E is for Easter. This upcoming weekend is Easter weekend in the UK. It is also Easter weekend in Csikszereda, since the town is Hungarian and thus predominantly Roman Catholic. But we’re one of the few places where it is Easter. In the rest of the country Easter happens at another time because the Orthodox church measures it differently from the Catholic/Protestant churches. (“Our” Easter is referred to as “Catholic Easter” in Romania, an aside with which I amused Bill, a Northern Irish friend, last week). It’s all very confusing. Last year the two events were weeks apart, while this year it’s just the one week difference. When you say something that ends with the words “at Easter” you have to qualify it with the type of Easter you’re referring to.

F. Finished. You didn’t really think I was going to all the way to Z did you?

Posted in csikszereda, romania | 4 Comments »

An alphabet of curiosities

Posted by Andy Hockley on 10 April, 2006

Apropos of nothing in particular, here is an alphabetical list of things in Romania that amuse, baffle, confound and disturb me.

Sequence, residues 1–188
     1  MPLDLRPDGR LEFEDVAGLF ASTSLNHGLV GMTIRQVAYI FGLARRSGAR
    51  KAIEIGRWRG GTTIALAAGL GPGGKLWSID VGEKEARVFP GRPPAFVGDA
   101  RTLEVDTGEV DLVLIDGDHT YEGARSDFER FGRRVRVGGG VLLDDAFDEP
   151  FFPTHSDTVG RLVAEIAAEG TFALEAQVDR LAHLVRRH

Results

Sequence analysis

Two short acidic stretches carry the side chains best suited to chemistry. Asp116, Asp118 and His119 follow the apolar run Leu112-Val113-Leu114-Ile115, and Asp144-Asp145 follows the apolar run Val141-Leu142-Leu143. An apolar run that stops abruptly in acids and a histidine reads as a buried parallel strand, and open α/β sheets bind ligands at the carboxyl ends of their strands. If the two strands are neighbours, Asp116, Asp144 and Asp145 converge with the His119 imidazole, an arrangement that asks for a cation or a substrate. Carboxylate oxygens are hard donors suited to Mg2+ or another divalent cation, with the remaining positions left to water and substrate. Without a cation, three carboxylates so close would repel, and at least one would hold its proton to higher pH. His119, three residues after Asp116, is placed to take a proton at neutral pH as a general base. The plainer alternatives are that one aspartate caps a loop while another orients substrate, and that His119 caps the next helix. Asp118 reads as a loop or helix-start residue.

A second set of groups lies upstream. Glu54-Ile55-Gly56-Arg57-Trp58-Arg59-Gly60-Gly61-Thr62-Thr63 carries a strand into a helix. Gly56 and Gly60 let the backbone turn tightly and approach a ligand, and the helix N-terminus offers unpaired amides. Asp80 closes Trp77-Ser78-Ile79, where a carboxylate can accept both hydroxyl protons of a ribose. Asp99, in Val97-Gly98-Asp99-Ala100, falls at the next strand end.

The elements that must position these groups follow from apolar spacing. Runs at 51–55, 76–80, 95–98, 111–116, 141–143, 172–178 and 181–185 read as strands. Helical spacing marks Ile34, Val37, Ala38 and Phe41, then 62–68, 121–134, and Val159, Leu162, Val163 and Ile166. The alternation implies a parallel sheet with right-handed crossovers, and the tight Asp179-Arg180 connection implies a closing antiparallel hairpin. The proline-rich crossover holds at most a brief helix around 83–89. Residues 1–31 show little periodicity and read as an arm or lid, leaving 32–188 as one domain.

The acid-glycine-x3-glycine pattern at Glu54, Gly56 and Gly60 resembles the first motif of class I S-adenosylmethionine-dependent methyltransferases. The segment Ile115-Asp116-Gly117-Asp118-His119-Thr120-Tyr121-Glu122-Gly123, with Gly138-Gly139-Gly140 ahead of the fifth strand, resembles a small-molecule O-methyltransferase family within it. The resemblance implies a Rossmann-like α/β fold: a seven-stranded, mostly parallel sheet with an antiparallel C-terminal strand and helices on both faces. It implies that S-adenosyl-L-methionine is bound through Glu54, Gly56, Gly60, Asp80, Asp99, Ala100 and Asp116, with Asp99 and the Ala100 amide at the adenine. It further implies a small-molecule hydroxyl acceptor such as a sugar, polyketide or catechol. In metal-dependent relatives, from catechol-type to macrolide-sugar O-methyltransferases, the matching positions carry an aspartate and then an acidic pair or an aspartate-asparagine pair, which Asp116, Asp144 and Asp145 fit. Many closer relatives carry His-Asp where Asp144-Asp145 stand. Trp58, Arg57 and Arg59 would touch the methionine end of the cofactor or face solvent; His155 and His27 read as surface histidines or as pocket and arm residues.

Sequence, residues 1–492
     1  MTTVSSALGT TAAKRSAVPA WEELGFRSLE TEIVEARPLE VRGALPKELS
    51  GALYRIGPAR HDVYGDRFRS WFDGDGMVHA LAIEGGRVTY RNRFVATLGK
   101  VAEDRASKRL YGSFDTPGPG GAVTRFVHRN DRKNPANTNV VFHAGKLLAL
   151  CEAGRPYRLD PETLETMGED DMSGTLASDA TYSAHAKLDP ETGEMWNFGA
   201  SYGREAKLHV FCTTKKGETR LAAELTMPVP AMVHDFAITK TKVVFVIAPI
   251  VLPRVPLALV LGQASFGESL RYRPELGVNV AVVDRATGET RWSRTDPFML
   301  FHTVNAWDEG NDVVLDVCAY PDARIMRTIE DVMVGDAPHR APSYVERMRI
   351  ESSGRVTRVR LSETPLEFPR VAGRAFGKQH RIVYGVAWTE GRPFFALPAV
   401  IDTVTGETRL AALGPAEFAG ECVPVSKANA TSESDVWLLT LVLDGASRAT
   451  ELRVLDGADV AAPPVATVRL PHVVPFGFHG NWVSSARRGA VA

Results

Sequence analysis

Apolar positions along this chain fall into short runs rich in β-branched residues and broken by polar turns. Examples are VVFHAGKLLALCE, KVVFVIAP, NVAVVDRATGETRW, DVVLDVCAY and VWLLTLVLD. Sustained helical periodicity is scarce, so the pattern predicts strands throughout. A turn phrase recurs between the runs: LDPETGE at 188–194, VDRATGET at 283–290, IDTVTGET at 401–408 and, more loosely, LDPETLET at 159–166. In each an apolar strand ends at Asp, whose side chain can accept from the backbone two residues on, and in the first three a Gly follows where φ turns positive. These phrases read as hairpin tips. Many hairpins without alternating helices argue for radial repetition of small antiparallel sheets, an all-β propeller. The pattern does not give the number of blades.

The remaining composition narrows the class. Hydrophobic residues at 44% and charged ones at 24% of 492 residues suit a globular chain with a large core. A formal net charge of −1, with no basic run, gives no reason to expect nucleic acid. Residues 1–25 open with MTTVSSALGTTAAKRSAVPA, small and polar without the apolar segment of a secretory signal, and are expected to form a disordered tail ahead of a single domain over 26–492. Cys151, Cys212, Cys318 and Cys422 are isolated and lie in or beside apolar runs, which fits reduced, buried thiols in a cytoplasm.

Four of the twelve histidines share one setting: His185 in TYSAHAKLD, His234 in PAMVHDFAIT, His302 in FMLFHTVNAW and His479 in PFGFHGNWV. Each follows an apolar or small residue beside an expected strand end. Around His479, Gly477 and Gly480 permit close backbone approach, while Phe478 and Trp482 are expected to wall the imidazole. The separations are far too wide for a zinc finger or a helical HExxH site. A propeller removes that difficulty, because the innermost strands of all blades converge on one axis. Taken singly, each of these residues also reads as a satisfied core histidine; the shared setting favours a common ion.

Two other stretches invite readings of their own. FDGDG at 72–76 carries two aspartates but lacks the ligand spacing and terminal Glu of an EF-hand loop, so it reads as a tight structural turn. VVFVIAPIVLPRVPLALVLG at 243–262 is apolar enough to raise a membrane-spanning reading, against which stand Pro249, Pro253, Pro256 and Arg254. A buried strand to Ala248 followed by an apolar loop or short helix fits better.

A is for Access. It’s a cultural thing, and one which I have a lot of time for in theory. That is that Romanians (and by that I mean all or most Romanian citizens) like to stop and talk to the people they know when they see them. None of this brief “hello” and hurrying along to ones destination beloved of my people. This is the clear mark of a culture that values relationships more than getting things done, which is very admirable and I’m all for it. In theory. However, the small but occasionally irritating side effect of this is that there is very little thought for where it is that these impromptu conversations take place. This often seems to be in doorways, on staircases or in narrow corridors or anywhere else inconvenient to the people not involved in the meeting. I’ve even seen these conversations happen between two drivers passing each other, and then stopping rolling down their windows and talking right there on the street. Fortunately, stuck behind the old friends in that situation you can at least beep your horn, to indicate that you’d actually like to go on, an option that is not really available when you’re stuck on a staircase. It’s not infuriating to me, mostly merely amusing, and it gives me time to stop and muse on how if someone did that in London they’d be knifed or something. But there are times when I kind of wish they’d just move their conversation to one side – it’s fairly easy.